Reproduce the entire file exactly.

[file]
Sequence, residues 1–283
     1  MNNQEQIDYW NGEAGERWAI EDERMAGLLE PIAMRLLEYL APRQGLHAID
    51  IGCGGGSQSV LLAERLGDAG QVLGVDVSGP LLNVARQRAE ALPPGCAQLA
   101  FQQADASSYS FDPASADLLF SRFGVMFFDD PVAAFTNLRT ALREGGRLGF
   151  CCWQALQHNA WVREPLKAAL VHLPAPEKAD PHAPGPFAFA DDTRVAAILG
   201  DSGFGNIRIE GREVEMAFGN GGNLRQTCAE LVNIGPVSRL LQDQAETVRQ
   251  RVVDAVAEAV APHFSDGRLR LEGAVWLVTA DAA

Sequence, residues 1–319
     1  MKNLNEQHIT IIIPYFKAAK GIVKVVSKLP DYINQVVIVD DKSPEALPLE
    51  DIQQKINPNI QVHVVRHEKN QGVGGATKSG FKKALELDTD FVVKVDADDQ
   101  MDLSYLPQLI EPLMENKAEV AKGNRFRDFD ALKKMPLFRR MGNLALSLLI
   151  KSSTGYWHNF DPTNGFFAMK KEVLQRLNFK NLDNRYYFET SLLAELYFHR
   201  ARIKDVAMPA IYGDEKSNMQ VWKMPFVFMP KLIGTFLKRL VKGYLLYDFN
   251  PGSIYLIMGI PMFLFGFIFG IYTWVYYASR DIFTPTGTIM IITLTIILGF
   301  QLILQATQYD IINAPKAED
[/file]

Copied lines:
Sequence, residues 1–283
     1  MNNQEQIDYW NGEAGERWAI EDERMAGLLE PIAMRLLEYL APRQGLHAID
    51  IGCGGGSQSV LLAERLGDAG QVLGVDVSGP LLNVARQRAE ALPPGCAQLA
   101  FQQADASSYS FDPASADLLF SRFGVMFFDD PVAAFTNLRT ALREGGRLGF
   151  CCWQALQHNA WVREPLKAAL VHLPAPEKAD PHAPGPFAFA DDTRVAAILG
   201  DSGFGNIRIE GREVEMAFGN GGNLRQTCAE LVNIGPVSRL LQDQAETVRQ
   251  RVVDAVAEAV APHFSDGRLR LEGAVWLVTA DAA

Sequence, residues 1–319
     1  MKNLNEQHIT IIIPYFKAAK GIVKVVSKLP DYINQVVIVD DKSPEALPLE
    51  DIQQKINPNI QVHVVRHEKN QGVGGATKSG FKKALELDTD FVVKVDADDQ
   101  MDLSYLPQLI EPLMENKAEV AKGNRFRDFD ALKKMPLFRR MGNLALSLLI
   151  KSSTGYWHNF DPTNGFFAMK KEVLQRLNFK NLDNRYYFET SLLAELYFHR
   201  ARIKDVAMPA IYGDEKSNMQ VWKMPFVFMP KLIGTFLKRL VKGYLLYDFN
   251  PGSIYLIMGI PMFLFGFIFG IYTWVYYASR DIFTPTGTIM IITLTIILGF
   301  QLILQATQYD IINAPKAED